The diagram which Mr. Sage had prepared was produced, and upon examination it was seen that it contained lines indicating a wrong rule, and had some other inaccuracies which did not seem to amount to much really; but Mr. Choate appeared to be very much impressed with these differences.
“I want you,” he said to the witness, “to reconcile your testimony with your own diagram.”
The witness looked at the diagram for some time, and Mr. Choate, observing him, remarked, “You will have to make a straddle to reconcile that, won’t you?”
Some marks and signs of erasures were seen on the Sage diagram, which gave Mr. Choate an opportunity to ask, in a sensational tone, if any one could inform him who had been tampering with it. No one could, and the diagram was dropped and the subject of a tattered suit of clothes taken up again.
Mr. Choate. “What tailor did you employ at the time of the explosion?’
Mr. Sage. “Several.”
Mr. Choate. “Name them; I want to follow up these clothes.”
Mr. Sage. “Tailor Jessup made the coat and vest.”
Mr. Choate. “Where is his place?”
Mr. Sage. “On Broadway.”
Mr. Choate. “Is he there now?”
Mr. Sage. “Oh, no, he has gone to heaven.”
Mr. Choate. “To heaven where all good tailors go? Who made the trousers?”
Mr. Sage. “I cannot tell where I may have bought them.”
Mr. Choate. “Bought them? You do not buy readymade trousers, do you?’
Mr. Sage. “I do sometimes. I get a better fit.”
Mr. Choate. “Get benefit?”
Mr. Sage. “No; better fit.”
Mr. Choate. “Where is the receipt for them?”
Mr. Sage. “I have none.”
Mr. Choate. “Do you pay money without receipts?”
Mr. Sage. “I do sometimes.”
Mr. Choate. “Indeed?”
Mr. Sage. “Yes; you do not take a receipt for your hat.”
The vest was then produced, and two holes in the outer cloth were exhibited by Mr. Choate, who asked the witness if these were the places where the foreign substances entered which penetrated his body. The witness replied that they were, and Mr. Choate next asked him if he had had the vest relined. Mr. Sage replied that he had not. “How is it, then,” Mr. Choate asked, passing the vest to the jury with great satisfaction, “that these holes do not penetrate the lining?”The witness said that he could not explain that, but insisted that that was the vest and it would have to speak for itself. Mr. Choate again took the vest and counted six holes on the cloth on the other side, and asked the witness if that count was right. Mr. Sage replied, “I will take your count,” and then caused a laugh by suddenly reaching out for the vest, and saying, “If you have no objection, though, I would like to see it.”
Mr. Choate. “Now are not three of these holes motheaten?”
Mr. Sage. “I think not.”
Mr. Choate. “Are you a judge of moth-eaten goods?”
Mr. Sage. “No.”
Mr. Choate. “Where is the shirt you wore?”
Mr. Sage. “Destroyed.”
Mr. Choate. “By whom?”
Mr. Sage. “The cook.”
Mr. Choate. “The cook?”
Mr. Sage. “I meant the laundress.”
The vest was passed to the jury for their inspection, and the jurymen got into an eager whispered discussion as to whether certain of the holes were moth-eaten or not. There was a tailor on the jury. Observing the discussion, Mr. Choate took back the garment and said in his most winning way, “Now we don’t want the jury to disagree.” He next held up the coat, which was very much more injured in the tails than in front, and asked the witness how he accounted for that.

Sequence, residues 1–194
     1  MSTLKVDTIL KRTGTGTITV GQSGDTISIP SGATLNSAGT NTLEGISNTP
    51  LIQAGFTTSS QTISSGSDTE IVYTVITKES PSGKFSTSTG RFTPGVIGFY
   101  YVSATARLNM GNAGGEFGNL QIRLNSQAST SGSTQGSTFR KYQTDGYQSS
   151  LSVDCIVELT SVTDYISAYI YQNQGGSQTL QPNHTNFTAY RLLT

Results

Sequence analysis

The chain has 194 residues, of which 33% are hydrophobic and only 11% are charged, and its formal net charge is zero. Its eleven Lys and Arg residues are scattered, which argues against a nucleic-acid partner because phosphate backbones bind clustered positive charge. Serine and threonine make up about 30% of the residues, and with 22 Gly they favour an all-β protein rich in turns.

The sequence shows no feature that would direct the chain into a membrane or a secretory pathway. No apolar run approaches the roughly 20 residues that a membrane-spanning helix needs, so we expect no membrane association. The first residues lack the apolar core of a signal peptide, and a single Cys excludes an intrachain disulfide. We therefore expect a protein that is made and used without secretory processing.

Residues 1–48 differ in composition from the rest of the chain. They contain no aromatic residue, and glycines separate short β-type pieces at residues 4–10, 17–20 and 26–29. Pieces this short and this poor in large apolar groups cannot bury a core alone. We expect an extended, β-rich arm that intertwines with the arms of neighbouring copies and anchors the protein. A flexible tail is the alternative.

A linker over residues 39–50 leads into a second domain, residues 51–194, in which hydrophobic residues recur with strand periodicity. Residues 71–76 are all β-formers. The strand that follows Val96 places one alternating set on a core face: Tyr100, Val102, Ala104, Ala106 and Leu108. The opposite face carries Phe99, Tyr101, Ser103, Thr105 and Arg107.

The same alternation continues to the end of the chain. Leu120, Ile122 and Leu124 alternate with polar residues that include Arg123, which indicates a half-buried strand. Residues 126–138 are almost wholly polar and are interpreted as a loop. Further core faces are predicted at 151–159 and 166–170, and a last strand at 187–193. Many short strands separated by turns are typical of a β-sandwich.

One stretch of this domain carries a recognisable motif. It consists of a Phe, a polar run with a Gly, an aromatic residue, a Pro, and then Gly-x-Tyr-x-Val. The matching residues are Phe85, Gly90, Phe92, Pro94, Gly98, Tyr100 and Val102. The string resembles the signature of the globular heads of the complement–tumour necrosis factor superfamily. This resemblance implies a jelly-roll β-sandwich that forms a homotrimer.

Mr. Sage. “It is one of the freaks of electricity.”
Mr. Choate. “One of those things no fellow can find out.”
The witness could not recall how much he had paid for the coat or for any of the garments, and after an unsuccessful attempt to identify the maker of the trousers by the name of the button, which proved to be the name of the button-maker, the old clothes were temporarily allowed to rest, and Mr. Choate asked the witness how long he had been unconscious. He replied that he thought he was unconscious two seconds.
Mr. Choate. “How did you know you were not unconscious ten minutes?”
Mr. Sage. “Only from what Mr. Walker says.”
Mr. Choate. “Where is he?”
Mr. Sage. “On the Street.”
Mr. Choate. “On Chambers Street, downstairs?”
Mr. Sage. “No, on Wall Street.”
Mr. Choate. “Oh, I forgot that the street to you means Wall Street. Were you not up and dressed every day after the explosion?”
Mr. Sage. “I cannot remember.”
Mr. Choate. “You did business every day?”
Mr. Sage. “Colonel Slocum and my nephew called upon me about business, and my counsel looked after some missing papers and bonds.”
Mr. Choate. “You then held some Missouri Pacific collateral trust bonds?”
Mr. Sage. “Yes.”
Mr. Choate. “How many?”
Mr. Sage. “Cannot say.”
Mr. Choate. “Can’t you tell within a limit of ten to one thousand?’
Mr. Sage. “No.”
Mr. Choate. “Nor within one hundred to two hundred?”
Mr. Sage. “No.”
Mr. Choate. “Is it because you have too little memory or too many bonds? How many loans did you have out at that time?’
Mr. Sage. “I cannot tell.”
Mr. Choate. “Can you tell within two hundred thousand of the amount then due you from your largest creditor?’
Mr. Sage. “Any man doing the business I am ---“
Mr. Choate. “Oh, there is no other man like you in the world. No, you cannot tell within two hundred thousand of the amount of the largest loan you then had out, but you set up your memory against Laidlaw’s?”
Mr. Sage. “I do.”
Mr. Choate. “Were you not very excited?”
Mr. Sage. “I was thoughtful. I was self-poised. I did not believe his dynamite would do so much damage, or that he would sacrifice himself. “
Mr. Choate. “Never heard of a man killing himself?”
Mr. Sage. “Not in that way.” 
 Extracts from New York Sun. March, 1894.